Personally I use -ise as a matter of principle, and will continue to use 'merchandise' as both noun and verb. l've read somewhere that -ise is actually on the increase. Probably because just as Americans aren't too keen on British imports such as 'amongst' and 'forwards', we also like to keep our language identity, and -ise is one way we do it.
I disagree with Oxford spelling's -ize being an Americanism (because it isn't). Oxford spelling has -ise endings for some words that end with -ize in American English. For instance, 'advertise' is spelled with -ise in Oxford spelling, which is 'advertize' in American spelling. Also, I think the original -ize Oxford spelling better preserves the language's identity than using the rather recent -ise Frenchism in words.
@sigurd, you are no doubt right on point one, and I rather regretted having written that, but that is how it is often perceived in the UK. This from Wikipedia -
'In the last few decades, the suffix -ise has become the more common spelling in the UK. Many incorrectly regard -ize as American English, though it has been in use in English since the 16th century'.
But are you sure about 'advertize', which neither Merriam-Webster (US) nor my US spell check recognise?. This is listed in Wikipedia among those verbs that always take 's', whatever side of the Atlantic we live on. That's why I say the rules for z or s in Oxford English (as opposed to standard British English) and American English are probably exactly the same.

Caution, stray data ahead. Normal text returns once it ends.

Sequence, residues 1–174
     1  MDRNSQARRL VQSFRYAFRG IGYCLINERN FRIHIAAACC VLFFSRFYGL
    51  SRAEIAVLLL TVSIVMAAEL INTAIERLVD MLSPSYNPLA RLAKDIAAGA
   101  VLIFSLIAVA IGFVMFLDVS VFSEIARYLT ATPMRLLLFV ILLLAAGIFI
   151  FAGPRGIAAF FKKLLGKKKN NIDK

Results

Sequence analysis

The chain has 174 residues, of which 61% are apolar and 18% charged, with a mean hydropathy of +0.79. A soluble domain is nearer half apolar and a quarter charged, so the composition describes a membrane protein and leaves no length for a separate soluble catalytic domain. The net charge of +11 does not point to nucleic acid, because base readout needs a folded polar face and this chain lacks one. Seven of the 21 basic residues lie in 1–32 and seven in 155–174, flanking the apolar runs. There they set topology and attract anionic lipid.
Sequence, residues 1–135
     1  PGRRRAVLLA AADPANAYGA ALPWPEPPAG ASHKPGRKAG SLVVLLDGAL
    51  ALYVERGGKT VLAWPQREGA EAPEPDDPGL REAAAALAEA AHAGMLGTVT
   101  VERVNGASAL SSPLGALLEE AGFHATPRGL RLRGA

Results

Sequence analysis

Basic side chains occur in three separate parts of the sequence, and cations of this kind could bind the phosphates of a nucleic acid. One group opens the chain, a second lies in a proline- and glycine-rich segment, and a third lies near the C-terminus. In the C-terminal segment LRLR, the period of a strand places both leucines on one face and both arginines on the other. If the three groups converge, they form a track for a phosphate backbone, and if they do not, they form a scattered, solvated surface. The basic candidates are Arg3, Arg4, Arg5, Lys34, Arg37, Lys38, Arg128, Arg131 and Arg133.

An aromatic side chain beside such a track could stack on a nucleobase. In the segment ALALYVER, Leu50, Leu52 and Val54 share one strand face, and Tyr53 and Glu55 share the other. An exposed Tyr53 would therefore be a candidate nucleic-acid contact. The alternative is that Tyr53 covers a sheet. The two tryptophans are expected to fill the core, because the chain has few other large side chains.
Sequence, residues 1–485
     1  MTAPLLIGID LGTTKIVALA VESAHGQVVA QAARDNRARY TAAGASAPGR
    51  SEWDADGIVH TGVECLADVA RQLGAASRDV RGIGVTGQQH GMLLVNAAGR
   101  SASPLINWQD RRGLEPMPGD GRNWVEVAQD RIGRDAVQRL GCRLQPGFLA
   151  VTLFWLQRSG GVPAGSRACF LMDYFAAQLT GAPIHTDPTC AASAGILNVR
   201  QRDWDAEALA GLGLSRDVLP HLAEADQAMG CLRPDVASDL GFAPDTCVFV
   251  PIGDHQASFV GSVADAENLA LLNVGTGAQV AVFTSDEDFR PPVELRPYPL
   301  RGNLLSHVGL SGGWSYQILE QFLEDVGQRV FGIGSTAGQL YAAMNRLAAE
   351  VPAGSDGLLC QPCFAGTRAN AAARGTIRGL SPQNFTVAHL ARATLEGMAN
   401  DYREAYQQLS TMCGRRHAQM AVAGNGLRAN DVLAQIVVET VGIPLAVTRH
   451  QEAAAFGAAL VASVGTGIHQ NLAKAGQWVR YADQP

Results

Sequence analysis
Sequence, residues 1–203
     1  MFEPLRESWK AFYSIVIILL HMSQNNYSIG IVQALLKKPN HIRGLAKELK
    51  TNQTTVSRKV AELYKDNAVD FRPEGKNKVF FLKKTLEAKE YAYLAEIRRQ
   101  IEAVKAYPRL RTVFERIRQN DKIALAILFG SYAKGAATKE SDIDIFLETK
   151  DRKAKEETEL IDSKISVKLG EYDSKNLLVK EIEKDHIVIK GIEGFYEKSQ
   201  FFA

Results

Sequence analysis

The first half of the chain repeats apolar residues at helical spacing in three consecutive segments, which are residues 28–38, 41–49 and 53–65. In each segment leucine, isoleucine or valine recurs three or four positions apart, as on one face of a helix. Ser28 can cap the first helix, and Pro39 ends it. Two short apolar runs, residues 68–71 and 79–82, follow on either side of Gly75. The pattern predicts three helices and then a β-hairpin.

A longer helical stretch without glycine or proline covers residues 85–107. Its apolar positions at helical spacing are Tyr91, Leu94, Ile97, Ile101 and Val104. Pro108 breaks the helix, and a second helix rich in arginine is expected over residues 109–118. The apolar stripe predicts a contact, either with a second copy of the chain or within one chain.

Verbs like this listed in Wikipedia include;advertise, advise, apprise, arise, circumcise, comprise, compromise, demise, despise, devise, disguise, excise, exercise, franchise, guise, improvise, incise, merchandise, revise, rise, supervise, surmise, surprise, televise
As for preserving the language's identity, that's a bit prescriptivist for my liking.
The z vs s rules aren't the same. The -ize rule might be, but the -yze endings of American English, for example, are always spelled -yse in Oxford spelling.
Generally, "-ise" is British (though I heard even in the UK, "realize" is correct), while "-ize" is American (except for "advertise", which is proper spelling in the US).
Maybe there's some other affix ending knocking about in English which could be used instead of both -ise, ize? Ugly little buggers.
now i'm surprized and confused
now i'm surprized and confused
To clarify, "analyze" is correct because it comes from a different root. "Analyse" is incorrect worldwide, except in Britain, where it is correct. Just remember the following rule: -ise is correct in Britain; -ize is correct everywhere else.
Replacing the 's' with a 'z' came about as a result of Scrabble players being stuck with 10 point penalties at the end of games.
The OED lists both analyse (noun and verb) and analyze (verb), and includes a mention of ise and ize versions as now non-standard.
Fower describes analyze/analyse as "... two equally indefensible forms that has won. The correct but now impossible form would be analysize (or analysise), with analysist for existing analyst."
Oddly, the Greek root means to "loosen up".